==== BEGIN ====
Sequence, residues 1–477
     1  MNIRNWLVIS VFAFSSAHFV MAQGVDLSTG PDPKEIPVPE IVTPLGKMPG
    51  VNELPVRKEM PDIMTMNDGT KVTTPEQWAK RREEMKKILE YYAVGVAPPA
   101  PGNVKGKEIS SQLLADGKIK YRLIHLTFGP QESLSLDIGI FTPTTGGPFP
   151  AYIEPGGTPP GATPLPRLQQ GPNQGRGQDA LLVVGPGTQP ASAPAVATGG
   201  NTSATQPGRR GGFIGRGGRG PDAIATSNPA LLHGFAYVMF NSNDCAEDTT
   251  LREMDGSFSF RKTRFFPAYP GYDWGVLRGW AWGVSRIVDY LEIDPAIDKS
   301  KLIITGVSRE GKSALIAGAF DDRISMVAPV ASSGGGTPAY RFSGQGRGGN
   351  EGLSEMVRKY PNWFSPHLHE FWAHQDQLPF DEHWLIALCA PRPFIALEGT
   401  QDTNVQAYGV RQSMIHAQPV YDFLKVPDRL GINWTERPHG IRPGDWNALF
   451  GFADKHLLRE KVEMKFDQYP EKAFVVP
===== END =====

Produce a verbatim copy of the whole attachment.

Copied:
Sequence, residues 1–477
     1  MNIRNWLVIS VFAFSSAHFV MAQGVDLSTG PDPKEIPVPE IVTPLGKMPG
    51  VNELPVRKEM PDIMTMNDGT KVTTPEQWAK RREEMKKILE YYAVGVAPPA
   101  PGNVKGKEIS SQLLADGKIK YRLIHLTFGP QESLSLDIGI FTPTTGGPFP
   151  AYIEPGGTPP GATPLPRLQQ GPNQGRGQDA LLVVGPGTQP ASAPAVATGG
   201  NTSATQPGRR GGFIGRGGRG PDAIATSNPA LLHGFAYVMF NSNDCAEDTT
   251  LREMDGSFSF RKTRFFPAYP GYDWGVLRGW AWGVSRIVDY LEIDPAIDKS
   301  KLIITGVSRE GKSALIAGAF DDRISMVAPV ASSGGGTPAY RFSGQGRGGN
   351  EGLSEMVRKY PNWFSPHLHE FWAHQDQLPF DEHWLIALCA PRPFIALEGT
   401  QDTNVQAYGV RQSMIHAQPV YDFLKVPDRL GINWTERPHG IRPGDWNALF
   451  GFADKHLLRE KVEMKFDQYP EKAFVVP